The Convention on Fisheries requires Member States to provide two years’ notice if they wish to withdraw and is one of the reasons why it is happening now.

The EU currently governs fisheries policy in the UK with the EU’s Common Fisheries Policy (CFP) which will continue to apply in the UK until the UK has legally ceased to be a member. After that, access to fishing grounds will be determined by international law rather than EU law and the UK will have sovereign control over the resources in its waters.

The future relationship regarding fisheries policy is subject to current and future negotiations between the UK and the EU, however, the EU has stated that

The agreement on a future relationship between the Union and the United Kingdom as such can only be concluded once the United Kingdom has become a third country

so it is unclear how negotiations over a future fisheries policy can be achieved prior to the UK leaving the EU.

The EU recently published an extensive document (164 pages) following a Workshop on “Common Fisheries Policy and BREXIT” of 21th June 2017, organised by the Committee on Fisheries (COMPECH) and the Policy Department B (PECH Research) of the European Parliament.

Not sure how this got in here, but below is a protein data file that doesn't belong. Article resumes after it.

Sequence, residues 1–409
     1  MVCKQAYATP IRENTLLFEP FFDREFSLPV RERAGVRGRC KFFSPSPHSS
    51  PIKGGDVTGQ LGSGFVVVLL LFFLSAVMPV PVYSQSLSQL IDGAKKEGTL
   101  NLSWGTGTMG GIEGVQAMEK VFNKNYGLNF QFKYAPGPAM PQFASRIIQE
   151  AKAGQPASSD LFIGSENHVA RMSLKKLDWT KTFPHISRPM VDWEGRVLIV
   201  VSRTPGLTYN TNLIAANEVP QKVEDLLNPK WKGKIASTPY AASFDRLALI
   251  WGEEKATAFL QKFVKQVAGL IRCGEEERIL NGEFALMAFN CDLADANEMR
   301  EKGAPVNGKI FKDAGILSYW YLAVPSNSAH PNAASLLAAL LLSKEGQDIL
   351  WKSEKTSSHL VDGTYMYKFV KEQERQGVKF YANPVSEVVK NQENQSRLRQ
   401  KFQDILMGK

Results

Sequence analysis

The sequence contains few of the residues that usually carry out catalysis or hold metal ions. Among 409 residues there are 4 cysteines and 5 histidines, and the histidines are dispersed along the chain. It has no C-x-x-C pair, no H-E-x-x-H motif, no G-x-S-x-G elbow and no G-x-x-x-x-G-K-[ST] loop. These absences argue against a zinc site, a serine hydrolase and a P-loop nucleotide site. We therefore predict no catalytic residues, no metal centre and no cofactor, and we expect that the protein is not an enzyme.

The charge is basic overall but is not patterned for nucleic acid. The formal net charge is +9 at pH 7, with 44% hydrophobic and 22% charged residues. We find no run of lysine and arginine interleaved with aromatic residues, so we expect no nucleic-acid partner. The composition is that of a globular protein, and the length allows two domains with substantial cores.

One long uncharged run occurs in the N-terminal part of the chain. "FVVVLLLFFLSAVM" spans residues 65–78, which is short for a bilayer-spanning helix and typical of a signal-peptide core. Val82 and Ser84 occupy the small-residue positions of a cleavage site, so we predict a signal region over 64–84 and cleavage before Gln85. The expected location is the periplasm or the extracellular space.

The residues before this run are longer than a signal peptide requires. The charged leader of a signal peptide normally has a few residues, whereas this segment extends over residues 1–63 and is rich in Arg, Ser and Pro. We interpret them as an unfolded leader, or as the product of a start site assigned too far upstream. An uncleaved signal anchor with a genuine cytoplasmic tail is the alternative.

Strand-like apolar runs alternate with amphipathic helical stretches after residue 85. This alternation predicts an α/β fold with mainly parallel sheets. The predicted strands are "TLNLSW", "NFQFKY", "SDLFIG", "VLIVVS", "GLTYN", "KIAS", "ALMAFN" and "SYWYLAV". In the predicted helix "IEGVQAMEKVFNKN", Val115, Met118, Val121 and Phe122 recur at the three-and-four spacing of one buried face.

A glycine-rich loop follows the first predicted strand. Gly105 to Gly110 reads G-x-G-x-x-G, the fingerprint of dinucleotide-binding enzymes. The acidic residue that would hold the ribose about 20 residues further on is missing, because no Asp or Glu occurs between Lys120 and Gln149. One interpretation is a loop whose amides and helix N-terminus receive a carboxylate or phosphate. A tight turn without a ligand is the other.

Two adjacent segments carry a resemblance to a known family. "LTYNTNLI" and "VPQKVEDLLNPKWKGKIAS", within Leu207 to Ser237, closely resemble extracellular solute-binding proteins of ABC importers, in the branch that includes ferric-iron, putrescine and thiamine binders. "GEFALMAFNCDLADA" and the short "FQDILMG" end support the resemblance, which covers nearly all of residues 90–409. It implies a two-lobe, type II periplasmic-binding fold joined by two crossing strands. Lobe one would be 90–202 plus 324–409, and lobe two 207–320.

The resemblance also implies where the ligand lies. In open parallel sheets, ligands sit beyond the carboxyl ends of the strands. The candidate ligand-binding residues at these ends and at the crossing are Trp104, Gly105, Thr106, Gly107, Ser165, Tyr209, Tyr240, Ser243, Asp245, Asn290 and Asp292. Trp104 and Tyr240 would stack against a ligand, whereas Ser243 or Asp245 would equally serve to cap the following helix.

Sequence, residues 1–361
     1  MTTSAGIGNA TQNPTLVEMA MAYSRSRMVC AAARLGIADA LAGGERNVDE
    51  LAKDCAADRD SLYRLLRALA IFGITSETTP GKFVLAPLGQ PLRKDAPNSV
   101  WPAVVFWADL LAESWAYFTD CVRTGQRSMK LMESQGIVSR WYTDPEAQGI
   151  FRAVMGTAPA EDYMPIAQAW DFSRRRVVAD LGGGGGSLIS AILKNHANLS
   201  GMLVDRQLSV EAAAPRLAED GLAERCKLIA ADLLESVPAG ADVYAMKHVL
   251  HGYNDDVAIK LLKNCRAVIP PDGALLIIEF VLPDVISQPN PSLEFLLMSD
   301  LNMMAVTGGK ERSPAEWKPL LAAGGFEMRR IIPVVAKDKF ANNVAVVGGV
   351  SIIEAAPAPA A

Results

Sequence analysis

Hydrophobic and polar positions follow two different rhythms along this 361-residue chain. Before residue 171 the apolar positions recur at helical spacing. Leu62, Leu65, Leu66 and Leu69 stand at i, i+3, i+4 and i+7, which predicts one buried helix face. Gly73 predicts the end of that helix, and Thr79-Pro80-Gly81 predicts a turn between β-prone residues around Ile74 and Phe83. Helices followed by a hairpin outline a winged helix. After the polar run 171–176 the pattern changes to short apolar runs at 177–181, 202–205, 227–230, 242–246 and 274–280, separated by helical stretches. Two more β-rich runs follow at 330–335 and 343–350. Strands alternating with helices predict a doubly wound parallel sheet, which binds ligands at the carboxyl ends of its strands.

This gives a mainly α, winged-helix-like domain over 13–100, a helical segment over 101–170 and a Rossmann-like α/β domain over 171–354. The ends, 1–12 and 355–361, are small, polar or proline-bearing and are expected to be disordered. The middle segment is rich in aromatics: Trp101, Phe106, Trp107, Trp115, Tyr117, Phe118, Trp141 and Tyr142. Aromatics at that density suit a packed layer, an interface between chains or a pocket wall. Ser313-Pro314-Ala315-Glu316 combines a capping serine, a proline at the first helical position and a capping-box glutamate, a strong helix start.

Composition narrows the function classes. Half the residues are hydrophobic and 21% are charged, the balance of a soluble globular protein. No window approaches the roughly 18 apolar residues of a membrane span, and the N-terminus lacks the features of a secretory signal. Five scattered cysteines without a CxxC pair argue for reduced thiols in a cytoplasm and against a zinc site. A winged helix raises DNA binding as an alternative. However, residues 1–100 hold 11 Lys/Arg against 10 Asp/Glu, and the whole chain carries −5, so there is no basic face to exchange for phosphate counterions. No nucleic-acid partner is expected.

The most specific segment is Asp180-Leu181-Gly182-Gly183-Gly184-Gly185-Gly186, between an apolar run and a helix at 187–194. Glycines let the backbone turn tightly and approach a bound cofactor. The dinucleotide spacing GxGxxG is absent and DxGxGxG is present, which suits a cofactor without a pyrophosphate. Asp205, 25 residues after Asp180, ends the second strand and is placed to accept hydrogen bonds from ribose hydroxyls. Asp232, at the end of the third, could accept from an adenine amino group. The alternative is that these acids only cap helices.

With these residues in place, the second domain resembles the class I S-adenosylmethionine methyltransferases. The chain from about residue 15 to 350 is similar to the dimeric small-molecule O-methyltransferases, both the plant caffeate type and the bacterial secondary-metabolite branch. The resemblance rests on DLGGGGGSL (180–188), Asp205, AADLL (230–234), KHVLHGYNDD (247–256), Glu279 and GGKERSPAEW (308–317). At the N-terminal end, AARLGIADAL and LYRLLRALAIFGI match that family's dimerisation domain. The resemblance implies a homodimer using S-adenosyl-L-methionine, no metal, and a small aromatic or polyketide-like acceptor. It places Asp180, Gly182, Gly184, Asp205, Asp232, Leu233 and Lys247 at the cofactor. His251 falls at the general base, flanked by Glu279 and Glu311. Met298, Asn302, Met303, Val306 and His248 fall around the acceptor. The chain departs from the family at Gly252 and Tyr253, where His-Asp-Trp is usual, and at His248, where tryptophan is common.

It examines the Common Fisheries Policy and the implications of Brexit in three parts

  • Legal framework for governance
  • Trade and economic related issues
  • Resources and fisheries

This document was produced on behalf of the European Parliament’s Committee on Fisheries. It provides an economic analysis of the expected consequences of Brexit and examines possible future EU-UK agreements on fisheries issues. The document covers a number of topics and shows figures detailing the amount of fishing performed by EU countries in UK waters, trade in products between the UK and EU and vice versa, possible tariffs on UK imports of fish and fish products from the EU and exports of UK fish and products to the EU etc.


The Commons Library issued a briefing paper Brexit: What next for UK fisheries?

A copy of the 1964 London Convention on Fisheries can be found on the Treaties website of the Foreign and Commonwealth Office at


or the treaty document at